Avimimus said:
What would happen if you used low frequency and intermittent radar returns to guide a missile to within about 25km of the target and then had the final acquisition - in addition to the terminal homing phase - by infra-red?

The Ballistic Intercept Missile was similar in concept. A low frequency or over the horizon radar detected bombers far away, a ballistic missile put a terminal homing AA bus into the "basket" and you can guess what happens next. Terminal seeker was not IR but radar.

Most successful CLO systems use networked sensors and a whole lot of software. So say you have two flights of F-15Cs 20 km apart. Those 4 radars, if effectively networked, would form a pretty effective bistatic radar system.
 

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AeroFranz said:
Frankly, if you can get a missile within a few miles of an LO aircraft, an internal x-band seeker (or whatever high frequency device is used) might do the job. At such low ranges low RCS only helps you so much when you are blasting the target with energy.

This might actually be one of the times when semi-active homing might be helpful. You'd be able to put more wattage through the aircraft's array then you'll ever get into the missile's.
 

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quellish said:
Most successful CLO systems use networked sensors and a whole lot of software. So say you have two flights of F-15Cs 20 km apart. Those 4 radars, if effectively networked, would form a pretty effective bistatic radar system.

Isn't that partly how the F-22's counter LO cruise missiles?
 

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_Del_ said:
AeroFranz said:
Frankly, if you can get a missile within a few miles of an LO aircraft, an internal x-band seeker (or whatever high frequency device is used) might do the job. At such low ranges low RCS only helps you so much when you are blasting the target with energy.

This might actually be one of the times when semi-active homing might be helpful. You'd be able to put more wattage through the aircraft's array then you'll ever get into the missile's.

Yes, but the illuminating aircraft is way farther from the LO target than the missile. The radar range equation varies with the fourth power of distance, so you have to pump WAY more power to get the same return.
 

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Thanks for the replies and thoughts. I get goosebumps thinking about the PAK-FA (four aircraft mean twenty radars linked)...
 

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AeroFranz said:
_Del_ said:
AeroFranz said:
Frankly, if you can get a missile within a few miles of an LO aircraft, an internal x-band seeker (or whatever high frequency device is used) might do the job. At such low ranges low RCS only helps you so much when you are blasting the target with energy.

This might actually be one of the times when semi-active homing might be helpful. You'd be able to put more wattage through the aircraft's array then you'll ever get into the missile's.

Yes, but the illuminating aircraft is way farther from the LO target than the missile. The radar range equation varies with the fourth power of distance, so you have to pump WAY more power to get the same return.

Even with the inverse square law, you're able to put "WAY" more power out of the aircraft. You can generate that power and not rely on the batteries in the missile which are going to limit your available power.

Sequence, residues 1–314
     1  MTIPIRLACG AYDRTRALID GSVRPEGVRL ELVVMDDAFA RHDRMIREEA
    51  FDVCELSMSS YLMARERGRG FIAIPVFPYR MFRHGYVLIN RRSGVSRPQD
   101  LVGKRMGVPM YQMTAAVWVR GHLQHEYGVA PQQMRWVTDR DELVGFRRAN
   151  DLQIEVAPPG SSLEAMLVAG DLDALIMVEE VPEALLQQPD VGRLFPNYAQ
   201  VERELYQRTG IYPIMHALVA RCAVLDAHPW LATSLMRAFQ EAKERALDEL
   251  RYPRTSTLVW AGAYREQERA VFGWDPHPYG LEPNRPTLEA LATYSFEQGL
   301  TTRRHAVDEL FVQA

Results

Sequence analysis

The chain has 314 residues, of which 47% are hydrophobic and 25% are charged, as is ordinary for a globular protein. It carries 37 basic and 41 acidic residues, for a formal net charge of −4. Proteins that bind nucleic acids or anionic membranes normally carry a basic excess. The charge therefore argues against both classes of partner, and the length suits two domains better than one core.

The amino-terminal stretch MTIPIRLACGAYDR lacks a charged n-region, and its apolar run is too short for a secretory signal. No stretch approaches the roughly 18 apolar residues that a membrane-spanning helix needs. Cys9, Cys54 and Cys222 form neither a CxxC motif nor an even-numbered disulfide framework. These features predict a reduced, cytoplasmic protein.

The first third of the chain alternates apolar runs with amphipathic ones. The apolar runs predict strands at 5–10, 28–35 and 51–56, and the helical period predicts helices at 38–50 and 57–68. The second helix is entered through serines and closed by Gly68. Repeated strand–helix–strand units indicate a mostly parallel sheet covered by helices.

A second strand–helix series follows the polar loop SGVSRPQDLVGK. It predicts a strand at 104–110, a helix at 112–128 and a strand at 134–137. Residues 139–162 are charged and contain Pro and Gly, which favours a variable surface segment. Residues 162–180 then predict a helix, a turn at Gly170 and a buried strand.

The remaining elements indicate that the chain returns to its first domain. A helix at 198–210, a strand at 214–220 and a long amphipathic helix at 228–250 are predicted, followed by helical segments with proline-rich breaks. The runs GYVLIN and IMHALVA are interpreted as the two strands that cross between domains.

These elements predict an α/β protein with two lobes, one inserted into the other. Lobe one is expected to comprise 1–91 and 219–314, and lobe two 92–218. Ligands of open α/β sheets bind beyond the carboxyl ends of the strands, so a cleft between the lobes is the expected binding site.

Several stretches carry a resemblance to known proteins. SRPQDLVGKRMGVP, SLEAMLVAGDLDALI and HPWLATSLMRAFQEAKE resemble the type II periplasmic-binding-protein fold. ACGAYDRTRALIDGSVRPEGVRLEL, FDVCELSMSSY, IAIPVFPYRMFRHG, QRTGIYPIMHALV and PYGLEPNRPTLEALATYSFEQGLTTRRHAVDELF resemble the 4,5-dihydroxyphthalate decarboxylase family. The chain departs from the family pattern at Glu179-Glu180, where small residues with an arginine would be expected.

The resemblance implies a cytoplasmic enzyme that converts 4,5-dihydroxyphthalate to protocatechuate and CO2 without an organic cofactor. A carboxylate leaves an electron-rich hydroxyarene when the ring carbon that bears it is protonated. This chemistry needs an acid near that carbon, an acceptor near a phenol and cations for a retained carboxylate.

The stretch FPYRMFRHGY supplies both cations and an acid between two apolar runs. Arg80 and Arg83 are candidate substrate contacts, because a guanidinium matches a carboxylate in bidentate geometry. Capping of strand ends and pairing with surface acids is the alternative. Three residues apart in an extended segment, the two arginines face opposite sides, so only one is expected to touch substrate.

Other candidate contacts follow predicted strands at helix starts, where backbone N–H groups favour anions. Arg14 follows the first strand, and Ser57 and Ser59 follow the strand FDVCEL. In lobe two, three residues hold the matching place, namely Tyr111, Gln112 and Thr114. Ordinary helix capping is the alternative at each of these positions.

quellish

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Sundog said:
quellish said:
Most successful CLO systems use networked sensors and a whole lot of software. So say you have two flights of F-15Cs 20 km apart. Those 4 radars, if effectively networked, would form a pretty effective bistatic radar system.

Isn't that partly how the F-22's counter LO cruise missiles?

Partly. And they can (effectively) only use this capability with other F-22s. Which, given the F-22's role, isn't much of a problem for this mission. If they were escorting a strike package of non F-22s, it would be useful to be able to share the networked battlespace picture with those platforms - but that is not currently financially feasible. I am not sure if BACN is currently able to fill that gap.

IIRC, some of the newer western AEW&C aircraft have similar capabilities though they may not yet have the datalink bandwidth to fully utilize it.
 

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Avimimus said:
Thanks for the replies and thoughts. I get goosebumps thinking about the PAK-FA (four aircraft mean twenty radars linked)...

When it comes to hunting stealth, it would have nothing on a Super Hornet with the AIRST and some of those long range Sidewinders.
 

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As much as I think the Super Hornet upgrades are a good idea ...aren't you overlooking the Sukhoi's IRST systems and the infra-red version of the RVV-AE/R-77 when you say that?
 

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_Del_ said:
AeroFranz said:

Yes, but the illuminating aircraft is way farther from the LO target than the missile. The radar range equation varies with the fourth power of distance, so you have to pump WAY more power to get the same return.

Even with the inverse square law, you're able to put "WAY" more power out of the aircraft. You can generate that power and not rely on the batteries in the missile which are going to limit your available power.


Granted. For that matter you can also get an antenna with better gain on the aircraft. That being said, i just plugged a few numbers to see the orders of magnitude. Assuming you could lob a missile within two miles of the target, and that your fighter was 50 miles behind it, the missile requires 1/390,000 of the power to get the same return the aircraft does. Now, this assumes the aforementioned missile seeker and aircraft radar operate on the same wavelength and have same gain, which they most certainly don't, but I don't know that it would tip the balance the other way.